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Covering Grounds: Dunedin

“Why do you go away? So that you can come back. So that you can see the place you came from with new eyes and extra colours. And the people there see you differently, too. Coming back to where you started is not the same as never leaving.” ~ Terry Pratchett

   In the 8 months that I’ve been in Dunedin, I’ve done a fair amount of traveling within the area. Nestled amongst mountains and home to the University of Otago, Dunedin has perhaps not become home, but a part of my life that’s truly contributed to the way I am today. I turn 23 soon, and I find that my experiences in Dunedin and the handful of amazing people I have met on this 8 month journey have made a change to who I am; in my personality, my thought-process and enhanced me one step further to my pathway of identifying me. Hence its true; travel really does make you a different person, and Dunedin has definitely built up my third-culture roots. 🙂

   There are several – more than several actually! – breathtaking places that I really enjoyed visiting during my stay here. Hence I hope you enjoy reading about my experiences below – listed in no particular order. Also, there were one or two places that I wanted to visit but somehow kept missing upon? So those have not been mentioned here, such as Tunnel Beach for example.

Note: I’ve tried to keep this short but covering 8 months worth of visits in and around Dunedin has been surprisingly much longer to cover. So hope its not too long of a read – and if nothing at all enjoy the pictures. 🙂

   The Botanic Gardens of Dunedin are vast and so pleasant to the eye. The first time I went here, I simply took a book and intended to gather some thoughts about some blogging. Plus after a couple rainy days it was the day of sunshine that really got my attention and wanted to get me moving, and the glinting of sun rays spread across these green acres were truly blissful. When I moved flats in the second semester too I was fortunate to live right by the entrance of these gardens, and a walk on a sunny day with the warmth on your skin and the immense flora and fauna really is a stunner.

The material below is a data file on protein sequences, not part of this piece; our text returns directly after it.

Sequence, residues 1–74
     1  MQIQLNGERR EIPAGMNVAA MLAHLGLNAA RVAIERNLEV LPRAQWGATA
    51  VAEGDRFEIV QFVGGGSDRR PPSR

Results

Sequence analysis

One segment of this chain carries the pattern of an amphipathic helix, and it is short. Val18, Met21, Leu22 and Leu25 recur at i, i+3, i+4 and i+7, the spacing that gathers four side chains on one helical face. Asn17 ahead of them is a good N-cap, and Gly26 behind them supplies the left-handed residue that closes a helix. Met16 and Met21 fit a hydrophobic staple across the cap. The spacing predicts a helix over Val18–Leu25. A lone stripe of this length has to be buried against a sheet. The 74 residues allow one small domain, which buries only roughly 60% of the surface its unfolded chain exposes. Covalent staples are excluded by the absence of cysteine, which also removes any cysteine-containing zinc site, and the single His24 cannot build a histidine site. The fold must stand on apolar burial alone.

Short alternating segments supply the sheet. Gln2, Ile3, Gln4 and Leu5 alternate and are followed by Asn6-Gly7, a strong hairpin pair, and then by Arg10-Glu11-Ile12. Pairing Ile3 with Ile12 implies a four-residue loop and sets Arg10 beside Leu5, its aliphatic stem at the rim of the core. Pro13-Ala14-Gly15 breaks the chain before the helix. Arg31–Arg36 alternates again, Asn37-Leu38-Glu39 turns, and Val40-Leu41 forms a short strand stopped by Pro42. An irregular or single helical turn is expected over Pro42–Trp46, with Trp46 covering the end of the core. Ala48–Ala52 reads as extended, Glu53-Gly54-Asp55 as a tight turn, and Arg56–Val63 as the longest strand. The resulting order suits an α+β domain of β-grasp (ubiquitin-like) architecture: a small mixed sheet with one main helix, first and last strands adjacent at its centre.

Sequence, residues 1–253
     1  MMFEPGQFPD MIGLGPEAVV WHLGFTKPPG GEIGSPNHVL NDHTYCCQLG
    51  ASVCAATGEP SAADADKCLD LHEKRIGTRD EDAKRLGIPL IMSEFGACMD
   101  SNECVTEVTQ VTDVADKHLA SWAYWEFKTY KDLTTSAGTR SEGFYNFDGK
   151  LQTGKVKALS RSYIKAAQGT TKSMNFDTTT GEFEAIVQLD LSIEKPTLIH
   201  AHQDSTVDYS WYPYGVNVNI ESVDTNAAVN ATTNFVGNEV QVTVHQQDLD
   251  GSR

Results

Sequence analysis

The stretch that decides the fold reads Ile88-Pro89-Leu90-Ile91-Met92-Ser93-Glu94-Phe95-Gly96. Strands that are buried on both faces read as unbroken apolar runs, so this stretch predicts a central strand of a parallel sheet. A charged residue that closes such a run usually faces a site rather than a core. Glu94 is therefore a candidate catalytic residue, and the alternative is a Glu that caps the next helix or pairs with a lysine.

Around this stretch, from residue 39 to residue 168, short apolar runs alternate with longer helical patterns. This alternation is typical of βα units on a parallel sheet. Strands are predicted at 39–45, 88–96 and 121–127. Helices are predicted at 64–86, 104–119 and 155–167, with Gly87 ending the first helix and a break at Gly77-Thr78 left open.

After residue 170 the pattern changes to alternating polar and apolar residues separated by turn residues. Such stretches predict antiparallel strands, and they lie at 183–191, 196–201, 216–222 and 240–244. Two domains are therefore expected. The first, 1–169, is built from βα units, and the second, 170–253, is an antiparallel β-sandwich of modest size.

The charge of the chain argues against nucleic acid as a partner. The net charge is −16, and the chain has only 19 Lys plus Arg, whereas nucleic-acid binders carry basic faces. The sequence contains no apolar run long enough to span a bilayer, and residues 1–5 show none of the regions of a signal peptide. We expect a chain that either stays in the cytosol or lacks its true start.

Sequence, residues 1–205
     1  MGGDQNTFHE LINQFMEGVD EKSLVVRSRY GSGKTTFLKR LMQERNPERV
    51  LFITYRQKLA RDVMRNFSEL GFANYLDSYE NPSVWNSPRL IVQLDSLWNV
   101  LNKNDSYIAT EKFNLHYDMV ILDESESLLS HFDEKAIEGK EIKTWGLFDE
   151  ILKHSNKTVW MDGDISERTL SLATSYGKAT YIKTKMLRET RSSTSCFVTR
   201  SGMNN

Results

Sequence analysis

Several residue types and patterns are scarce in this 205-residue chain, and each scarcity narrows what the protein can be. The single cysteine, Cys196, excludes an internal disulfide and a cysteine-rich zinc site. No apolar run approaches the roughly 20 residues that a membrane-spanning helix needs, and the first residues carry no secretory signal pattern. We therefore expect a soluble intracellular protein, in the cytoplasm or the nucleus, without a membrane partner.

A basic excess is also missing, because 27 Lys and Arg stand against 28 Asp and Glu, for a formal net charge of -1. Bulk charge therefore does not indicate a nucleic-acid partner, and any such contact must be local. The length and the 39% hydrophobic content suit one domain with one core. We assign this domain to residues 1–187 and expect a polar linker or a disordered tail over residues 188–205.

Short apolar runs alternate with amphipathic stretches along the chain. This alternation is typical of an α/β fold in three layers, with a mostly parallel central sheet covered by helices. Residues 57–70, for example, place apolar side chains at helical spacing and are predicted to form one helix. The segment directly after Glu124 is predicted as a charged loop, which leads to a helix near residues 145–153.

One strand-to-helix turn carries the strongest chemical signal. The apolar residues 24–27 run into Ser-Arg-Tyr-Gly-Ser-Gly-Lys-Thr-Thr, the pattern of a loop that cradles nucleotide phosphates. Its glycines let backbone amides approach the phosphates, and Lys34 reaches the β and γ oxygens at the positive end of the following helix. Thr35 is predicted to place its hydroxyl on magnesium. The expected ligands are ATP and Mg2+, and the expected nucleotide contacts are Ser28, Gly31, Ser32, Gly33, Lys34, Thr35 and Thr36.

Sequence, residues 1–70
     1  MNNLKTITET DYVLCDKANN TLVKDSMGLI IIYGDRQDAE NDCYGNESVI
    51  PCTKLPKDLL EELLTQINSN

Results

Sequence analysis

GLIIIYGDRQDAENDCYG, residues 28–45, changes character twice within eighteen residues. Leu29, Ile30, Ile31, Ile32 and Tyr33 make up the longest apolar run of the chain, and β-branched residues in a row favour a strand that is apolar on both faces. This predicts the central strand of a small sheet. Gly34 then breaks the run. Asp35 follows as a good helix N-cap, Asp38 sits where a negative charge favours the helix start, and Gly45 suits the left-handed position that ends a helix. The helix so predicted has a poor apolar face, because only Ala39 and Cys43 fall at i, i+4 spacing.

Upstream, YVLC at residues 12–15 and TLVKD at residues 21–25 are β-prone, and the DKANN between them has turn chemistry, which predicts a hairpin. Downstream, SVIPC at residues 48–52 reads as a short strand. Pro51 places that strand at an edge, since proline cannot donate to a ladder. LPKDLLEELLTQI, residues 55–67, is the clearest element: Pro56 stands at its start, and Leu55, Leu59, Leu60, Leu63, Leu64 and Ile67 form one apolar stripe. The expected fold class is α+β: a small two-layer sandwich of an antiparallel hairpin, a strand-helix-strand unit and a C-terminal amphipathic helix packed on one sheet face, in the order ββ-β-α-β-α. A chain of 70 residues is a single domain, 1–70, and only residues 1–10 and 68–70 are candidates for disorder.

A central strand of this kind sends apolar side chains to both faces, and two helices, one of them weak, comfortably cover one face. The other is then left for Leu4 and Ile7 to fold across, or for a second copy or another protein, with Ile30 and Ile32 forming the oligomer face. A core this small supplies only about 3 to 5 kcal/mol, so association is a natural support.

St Clair’s Beach is perhaps one of the beaches that really is most talked about within Dunedin. Sometimes choppy, sometimes calm waters of the Pacific beat this light golden sandy beach, and is popularly also known for surfing. Its also cold too! The wind in this area is always chilled, yet then again I haven’t been here during the summer to know if it gets better. I’ve heard the sunrise colours on this part of the East coast are worth a visit, and the sunset shots that I’ve experienced have been pretty sweet too. 🙂


   The drive out to Port Chalmers was one of my favourites on a sunny day. It was one of the first drives I went out on once I got a car, and the views that came out were some enchanting ones. Eyes were on the road – of course – and the horizon beyond that… In fact, my friends used to tease me that every time they saw the sun they knew I’d come along and say “Its such a gorgeous day! Lets go out on a drive.” And its true. The sunny days in Dunedin were ones I craved for and loved taking drives on, with the view of the azure waters just across these winding roads. In the nearby areas I also got the opportunity to visit Long Beach and Aromoana Beach, in which the latter was simply a glorious spread of seashells across the pale white soft sands.